View Full Version : Q3 2010 Harley business analysis

21st October 2010, 15:36
This guy misses a few things, but anyway, thought I would pass it on.

Is Harley's Chrome Losing Its Shine?
Posted: Oct 21, 2010 13:55 PM by James Brumley
Is the icon of American-made motorcycles a victim of a nagging recession, or just a victim of time? Some may argue it's not a victim at all, given last quarter's earnings from Harley-Davidson (NYSE:HOG). Harley earned 38 cents per share in third quarter of this year, well up from last year's Q3 earnings of 11 cents. Not bad. Once again though, the fine print is still ultimately a recipe for pain. (To learn about how to play the earning season, see Strategies For Quarterly Earnings Season.)

IN PICTURES: How To Make Your First $1 Million

Harley isn't selling more motorcycles. In fact, the company is selling considerably fewer than they historically have - and the number is getting smaller. Revenue has fallen every year since 2006, despite Q3's revenue being up from the equivalent quarter a year ago, and the company expects to ship 7.2% fewer bikes in 2010 than it did last year.

So how did it muster more than a triple in its bottom line last quarter? The bulk of the improvement - as was the case in Q2 - is coming from the financial services unit, and it's a dramatic contribution to the bottom line mostly because the unit was such a poor performer last year.

How dramatic? The $51 million in income the financial arm pulled down last quarter is a 180- degree turnaround from the $31 million loss in Q3 of 2009. That makes up 57% of last quarter's $89 million earned, which is fine, but it's not like the division will be able to come up with another $80 million swing in the future, nor can the company cut costs to the bone as it did last year. Harley has to start selling more motorcycles at some point. And that's where things get really messy.

You Sure About That?
Harley-Davidson's CEO Keith Wandell, commenting on last quarter's numbers, was quoted as saying "All of our market data and research indicates there's still a tremendous affinity for the brand and a desire to own Harley-Davidson motorcycles ... it's a matter of getting some help with the economy on top of everything else we're doing with our strategy."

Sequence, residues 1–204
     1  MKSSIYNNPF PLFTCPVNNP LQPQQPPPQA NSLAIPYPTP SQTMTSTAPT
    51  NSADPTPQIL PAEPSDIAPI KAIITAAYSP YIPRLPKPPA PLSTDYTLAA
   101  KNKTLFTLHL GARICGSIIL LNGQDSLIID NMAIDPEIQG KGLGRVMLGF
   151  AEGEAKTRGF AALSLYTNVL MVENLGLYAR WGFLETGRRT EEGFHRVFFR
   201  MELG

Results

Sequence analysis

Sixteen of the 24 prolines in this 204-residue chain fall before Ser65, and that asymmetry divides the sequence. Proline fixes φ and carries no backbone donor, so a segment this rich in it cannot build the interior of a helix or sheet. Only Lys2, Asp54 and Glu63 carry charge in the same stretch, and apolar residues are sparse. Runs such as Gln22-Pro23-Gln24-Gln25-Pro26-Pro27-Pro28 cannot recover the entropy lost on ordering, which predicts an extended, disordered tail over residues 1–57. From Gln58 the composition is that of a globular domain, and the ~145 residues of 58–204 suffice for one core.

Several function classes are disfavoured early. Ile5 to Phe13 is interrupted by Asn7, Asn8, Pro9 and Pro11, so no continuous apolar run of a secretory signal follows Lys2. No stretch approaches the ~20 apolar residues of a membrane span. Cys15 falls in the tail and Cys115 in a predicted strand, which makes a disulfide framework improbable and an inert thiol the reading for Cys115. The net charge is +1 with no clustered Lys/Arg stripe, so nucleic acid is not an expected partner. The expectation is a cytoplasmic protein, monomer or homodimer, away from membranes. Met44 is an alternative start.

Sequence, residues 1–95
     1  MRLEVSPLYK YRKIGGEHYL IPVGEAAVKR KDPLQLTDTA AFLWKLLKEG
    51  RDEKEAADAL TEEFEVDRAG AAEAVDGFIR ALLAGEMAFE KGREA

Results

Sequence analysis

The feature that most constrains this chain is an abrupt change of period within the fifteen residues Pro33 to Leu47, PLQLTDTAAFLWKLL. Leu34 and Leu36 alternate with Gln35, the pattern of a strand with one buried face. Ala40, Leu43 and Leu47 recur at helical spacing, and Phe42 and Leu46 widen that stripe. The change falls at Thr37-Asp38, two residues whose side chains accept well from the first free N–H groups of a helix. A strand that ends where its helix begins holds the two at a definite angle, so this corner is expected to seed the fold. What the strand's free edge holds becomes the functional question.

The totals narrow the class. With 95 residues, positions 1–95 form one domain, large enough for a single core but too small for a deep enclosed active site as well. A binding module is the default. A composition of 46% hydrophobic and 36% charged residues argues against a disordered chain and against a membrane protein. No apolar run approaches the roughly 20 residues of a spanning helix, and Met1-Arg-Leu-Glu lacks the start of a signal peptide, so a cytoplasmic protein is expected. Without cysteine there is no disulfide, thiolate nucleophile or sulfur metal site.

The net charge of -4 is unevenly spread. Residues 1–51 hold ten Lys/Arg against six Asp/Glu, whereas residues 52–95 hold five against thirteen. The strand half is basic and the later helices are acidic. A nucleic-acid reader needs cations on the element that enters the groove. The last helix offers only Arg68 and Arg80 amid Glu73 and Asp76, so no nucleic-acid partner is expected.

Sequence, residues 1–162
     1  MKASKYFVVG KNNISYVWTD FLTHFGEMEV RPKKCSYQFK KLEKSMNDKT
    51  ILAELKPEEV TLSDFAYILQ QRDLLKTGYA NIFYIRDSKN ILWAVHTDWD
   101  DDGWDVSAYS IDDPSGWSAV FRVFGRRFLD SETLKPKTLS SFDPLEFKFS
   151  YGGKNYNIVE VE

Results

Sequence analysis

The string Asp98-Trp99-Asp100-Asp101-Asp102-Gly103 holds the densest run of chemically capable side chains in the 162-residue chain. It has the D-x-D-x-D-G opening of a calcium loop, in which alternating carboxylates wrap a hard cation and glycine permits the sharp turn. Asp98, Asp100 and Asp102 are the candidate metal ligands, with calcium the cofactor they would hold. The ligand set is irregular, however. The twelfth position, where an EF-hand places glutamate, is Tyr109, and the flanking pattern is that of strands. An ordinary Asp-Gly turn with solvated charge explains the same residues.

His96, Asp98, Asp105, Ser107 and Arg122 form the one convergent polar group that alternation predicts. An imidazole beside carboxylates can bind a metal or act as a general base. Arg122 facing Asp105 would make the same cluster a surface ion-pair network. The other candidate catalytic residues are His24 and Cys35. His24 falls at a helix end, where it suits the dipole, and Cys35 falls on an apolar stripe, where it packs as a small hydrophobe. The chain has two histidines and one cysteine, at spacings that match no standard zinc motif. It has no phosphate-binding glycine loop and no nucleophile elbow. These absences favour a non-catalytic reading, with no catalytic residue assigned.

Fair enough - few would argue that the economy still isn't in tip-top shape. On the other hand, some direct and indirect competition has managed to do amazingly well when it comes to drawing cash out of consumers' pockets.

Take Polaris Industries (NYSE:PII) for instance. Polaris makes ATV and other off-road vehicles, versus Harley's road "hogs". Perhaps it's not a perfect apples-to-apples comparison, but discretionary spending is still the key for both.

Unlike Harley-Davidson, Polaris Industries posted a 51% increase in third quarter earnings (without any major accounting help), and raised its full-year view in the process. It was the seventh beat in a row, and the company is on pace to record earnings.

Perhaps you could argue that the higher-ticket bikes that Harley sells are tougher to move than the lower-priced ATVs that Polaris manufactures, but it's not like consumers have been unwilling to spend on big-ticket items.

Winnebago Industries (NYSE:WGO) verifies that idea. Though still well under pre-2007 revenue levels, fiscal 2010's levels (ending on August 28) more than doubled 2009's total. And, Winnebago has managed to turn those growing revenue back into a reliable profit again, as of calendar Q1.

Boatmaker Brunswick Corporation (NYSE:BC) is another example of a big-ticker "toy" manufacturer managing to put some bigger numbers on the board. Though still on the ugly side of the scale, Brunswick's 2010 top line and bottom line are going to look better than 2009's.

Maybe It's Something Else
It's difficult to get behind Wandell's comment that the company just "needs a little economic help" when comparable companies are able to pick themselves up off the same mat. So what's the real problem for Harley? As of last quarter, that's the $51 million question. Here's an unpopular possibility - maybe the shine is wearing off all that chrome.

Nobody thinks Harley-Davidson's motorcycles are cooler looking than I do. But, between owning a hog, an ATV, an RV or a boat, I'd pick the Harley last. [Disclosure: I own none of those things.] They're fun to own, but rank very low on the cost-versus-utility scale. The raw numbers represent the typical consumer mindset, and the fact is, consumers who can afford Harley-Davidsons don't want them like they used to. Maybe even the deliberately-classic look gets old after a while. Either way, something's got to give soon.